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I'm guessing there is a typo and that \(y^2=x\) is actually statement 1.

(1) \(y^2=x\) [Insufficient] We are not told that y is an integer. If y is an integer, then x is not prime. Otherwise, y could be the square root of a prime such as \(\sqrt{2}\) (2) \(2x/x^2 = 1\) [Sufficient] From this statement, we can see that x is not zero. Multiplying both sides by \(x^2\), we get \(2x = x^2\). Dividing both sides by x, we are left with x = 2, which is a prime number.

My answer was C. Neither statement is sufficient: In stmt 1, "y" can be 0,1, or the square root of a prime as stated above. Multiple possibilities, not sufficient In stmt 2, "x" can be 1 or 2 and (2x / x^2) will equal 1. Multiple possibilities, not sufficient.

The problem never specified that x or y must be integers.

Statement 1 is insufficient: y^2=x If y is an integer then x is not prime. If y is not an integer like sqrt2,sqrt3…. then x is prime. So not sufficient. Statement 2 is sufficient: 2/x=1 So x is 2. Which is prime. So answer is B.
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I. y could be 1, giving us a NO answer to the question (since 1 is not prime), or it could be (2)−−−√, giving us a YES answer to the question (since 2 is prime). Insufficient.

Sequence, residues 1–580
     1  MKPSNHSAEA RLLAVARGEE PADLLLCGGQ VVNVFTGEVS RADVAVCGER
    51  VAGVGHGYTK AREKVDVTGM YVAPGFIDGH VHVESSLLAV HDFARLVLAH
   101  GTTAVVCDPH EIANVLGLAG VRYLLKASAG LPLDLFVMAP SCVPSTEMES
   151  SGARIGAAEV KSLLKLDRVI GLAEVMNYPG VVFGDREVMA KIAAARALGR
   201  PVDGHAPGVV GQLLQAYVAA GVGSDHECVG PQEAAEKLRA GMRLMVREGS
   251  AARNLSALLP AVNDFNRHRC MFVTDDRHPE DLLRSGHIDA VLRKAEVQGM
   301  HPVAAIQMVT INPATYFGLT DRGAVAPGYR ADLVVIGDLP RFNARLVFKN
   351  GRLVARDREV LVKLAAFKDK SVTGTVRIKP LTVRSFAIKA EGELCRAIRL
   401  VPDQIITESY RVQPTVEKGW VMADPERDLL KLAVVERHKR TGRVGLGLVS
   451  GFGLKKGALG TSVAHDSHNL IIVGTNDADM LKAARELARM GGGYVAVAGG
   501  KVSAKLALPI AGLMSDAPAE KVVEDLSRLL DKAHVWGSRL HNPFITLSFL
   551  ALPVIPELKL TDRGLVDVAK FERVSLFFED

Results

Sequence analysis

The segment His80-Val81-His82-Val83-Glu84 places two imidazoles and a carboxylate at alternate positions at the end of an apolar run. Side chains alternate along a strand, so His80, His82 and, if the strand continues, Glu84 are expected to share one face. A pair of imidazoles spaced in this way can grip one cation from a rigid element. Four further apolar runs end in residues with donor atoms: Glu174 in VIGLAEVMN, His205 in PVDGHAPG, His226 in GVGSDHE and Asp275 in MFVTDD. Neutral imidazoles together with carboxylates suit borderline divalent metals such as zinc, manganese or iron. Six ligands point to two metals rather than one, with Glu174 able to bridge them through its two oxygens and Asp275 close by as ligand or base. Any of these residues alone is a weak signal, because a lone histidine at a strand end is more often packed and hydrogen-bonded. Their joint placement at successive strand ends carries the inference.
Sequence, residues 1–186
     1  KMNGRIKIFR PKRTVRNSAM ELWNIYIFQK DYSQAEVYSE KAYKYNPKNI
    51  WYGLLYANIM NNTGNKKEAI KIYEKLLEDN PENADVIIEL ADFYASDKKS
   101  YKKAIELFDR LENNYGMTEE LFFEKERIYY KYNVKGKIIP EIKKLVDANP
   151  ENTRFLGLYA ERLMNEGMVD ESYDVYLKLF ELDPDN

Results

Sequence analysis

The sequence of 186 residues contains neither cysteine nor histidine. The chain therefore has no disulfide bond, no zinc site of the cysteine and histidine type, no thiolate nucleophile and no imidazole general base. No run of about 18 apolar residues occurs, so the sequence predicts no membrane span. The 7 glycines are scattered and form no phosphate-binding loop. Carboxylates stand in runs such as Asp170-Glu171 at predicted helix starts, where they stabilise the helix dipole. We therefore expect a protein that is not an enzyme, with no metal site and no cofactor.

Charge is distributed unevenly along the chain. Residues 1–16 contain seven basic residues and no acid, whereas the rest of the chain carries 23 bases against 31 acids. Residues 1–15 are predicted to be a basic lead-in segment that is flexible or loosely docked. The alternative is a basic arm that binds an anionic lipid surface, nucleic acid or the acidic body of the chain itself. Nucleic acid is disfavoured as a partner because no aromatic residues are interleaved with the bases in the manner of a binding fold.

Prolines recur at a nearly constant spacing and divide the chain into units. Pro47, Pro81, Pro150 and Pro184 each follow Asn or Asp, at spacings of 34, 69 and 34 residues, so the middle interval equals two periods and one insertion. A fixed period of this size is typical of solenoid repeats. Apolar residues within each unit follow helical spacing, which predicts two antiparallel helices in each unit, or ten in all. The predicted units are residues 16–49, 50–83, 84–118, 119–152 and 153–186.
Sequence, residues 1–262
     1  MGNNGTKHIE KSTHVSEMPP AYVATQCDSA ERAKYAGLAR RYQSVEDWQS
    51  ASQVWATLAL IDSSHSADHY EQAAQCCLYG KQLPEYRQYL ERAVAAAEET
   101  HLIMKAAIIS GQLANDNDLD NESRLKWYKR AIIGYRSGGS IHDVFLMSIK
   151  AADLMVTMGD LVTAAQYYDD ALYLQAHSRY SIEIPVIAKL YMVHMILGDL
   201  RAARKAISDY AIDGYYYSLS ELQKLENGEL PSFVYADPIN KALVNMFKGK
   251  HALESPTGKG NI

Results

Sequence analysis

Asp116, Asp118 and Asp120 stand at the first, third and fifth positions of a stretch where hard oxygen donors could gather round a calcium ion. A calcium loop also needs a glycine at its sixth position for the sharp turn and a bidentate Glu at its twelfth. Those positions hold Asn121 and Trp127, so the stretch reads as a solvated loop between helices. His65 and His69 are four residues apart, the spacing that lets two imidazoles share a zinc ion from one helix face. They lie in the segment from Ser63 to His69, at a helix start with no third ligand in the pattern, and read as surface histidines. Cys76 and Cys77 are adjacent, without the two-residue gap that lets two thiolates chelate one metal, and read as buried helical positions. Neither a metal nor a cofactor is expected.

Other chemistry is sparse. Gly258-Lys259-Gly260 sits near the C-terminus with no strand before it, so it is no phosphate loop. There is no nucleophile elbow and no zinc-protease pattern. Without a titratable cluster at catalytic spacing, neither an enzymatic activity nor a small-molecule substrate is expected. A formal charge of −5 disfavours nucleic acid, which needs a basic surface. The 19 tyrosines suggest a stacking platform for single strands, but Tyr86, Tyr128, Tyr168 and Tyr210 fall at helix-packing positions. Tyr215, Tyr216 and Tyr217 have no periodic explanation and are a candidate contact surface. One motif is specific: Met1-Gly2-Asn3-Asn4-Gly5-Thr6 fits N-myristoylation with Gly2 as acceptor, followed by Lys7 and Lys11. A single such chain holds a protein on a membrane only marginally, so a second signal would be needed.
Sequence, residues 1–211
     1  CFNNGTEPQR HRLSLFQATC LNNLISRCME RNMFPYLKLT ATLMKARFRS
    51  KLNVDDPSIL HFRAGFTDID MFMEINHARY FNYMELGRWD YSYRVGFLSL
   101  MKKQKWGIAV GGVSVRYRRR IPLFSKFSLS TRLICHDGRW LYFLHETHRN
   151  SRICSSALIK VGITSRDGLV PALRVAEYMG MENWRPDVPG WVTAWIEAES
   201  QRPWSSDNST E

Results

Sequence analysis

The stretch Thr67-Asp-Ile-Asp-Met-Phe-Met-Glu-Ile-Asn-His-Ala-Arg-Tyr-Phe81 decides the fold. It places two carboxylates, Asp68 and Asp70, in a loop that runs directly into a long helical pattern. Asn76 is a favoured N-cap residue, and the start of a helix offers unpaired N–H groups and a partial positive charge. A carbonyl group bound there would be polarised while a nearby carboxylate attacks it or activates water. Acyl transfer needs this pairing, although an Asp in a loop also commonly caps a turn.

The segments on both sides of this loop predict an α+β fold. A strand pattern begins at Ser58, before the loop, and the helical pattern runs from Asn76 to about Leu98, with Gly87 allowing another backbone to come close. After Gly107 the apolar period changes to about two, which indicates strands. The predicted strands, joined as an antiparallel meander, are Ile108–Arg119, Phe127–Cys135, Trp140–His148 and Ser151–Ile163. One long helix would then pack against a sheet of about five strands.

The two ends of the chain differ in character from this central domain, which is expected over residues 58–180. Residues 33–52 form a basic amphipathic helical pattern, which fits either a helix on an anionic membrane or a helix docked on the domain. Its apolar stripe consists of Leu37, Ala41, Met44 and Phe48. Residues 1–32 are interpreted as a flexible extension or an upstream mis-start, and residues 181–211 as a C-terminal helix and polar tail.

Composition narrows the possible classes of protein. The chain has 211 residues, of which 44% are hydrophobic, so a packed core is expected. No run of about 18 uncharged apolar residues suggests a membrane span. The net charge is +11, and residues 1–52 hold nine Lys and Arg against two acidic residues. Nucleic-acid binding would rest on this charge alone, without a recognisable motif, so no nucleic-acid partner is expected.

II. If you cross-multiply this equation, you'll get 2x = x². There are two solutions to this equation 0 and 2, but we can rule out 0, because that would put 0 in the denominator of the fraction in the original form of the equation, and putting 0 in the denominator is not allowed; it is undefined.

Therefore, x must be 2, a prime, giving us a YES in answer to the question. Sufficient.
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I. y could be 1, giving us a NO answer to the question (since 1 is not prime), or it could be (2)−−−√, giving us a YES answer to the question (since 2 is prime). Insufficient.

II. If you cross-multiply this equation, you'll get 2x = x². There are two solutions to this equation 0 and 2, but we can rule out 0, because that would put 0 in the denominator of the fraction in the original form of the equation, and putting 0 in the denominator is not allowed; it is undefined.

Therefore, x must be 2, a prime, giving us a YES in answer to the question. Sufficient.

Hi! Just a small query please st1) doesnt matter at all y could be anything.......... ok? st2) can x as a variable be reduced.. as its an equation rather inequality.. and hence coming up B as an answer... please help in this.. thanks

We need to get if x is prime or not statement 1 => x=y^2 If y is an integer then x wont be prime ( Primes can never be factorised) Else if y=√2 then x=2 => Prime Hence since no clue of y is given => Not suff Statement 2 => 2x/x^2=1 here x can never be 0 as something /0 => not defined hence x^2=2x=> x=2 which is a prime number Therefore suff

Thanks to another GMAT Club member, I have just discovered this valuable topic, yet it had no discussion for over a year. I am now bumping it up - doing my job. I think you may find it valuable (esp those replies with Kudos).

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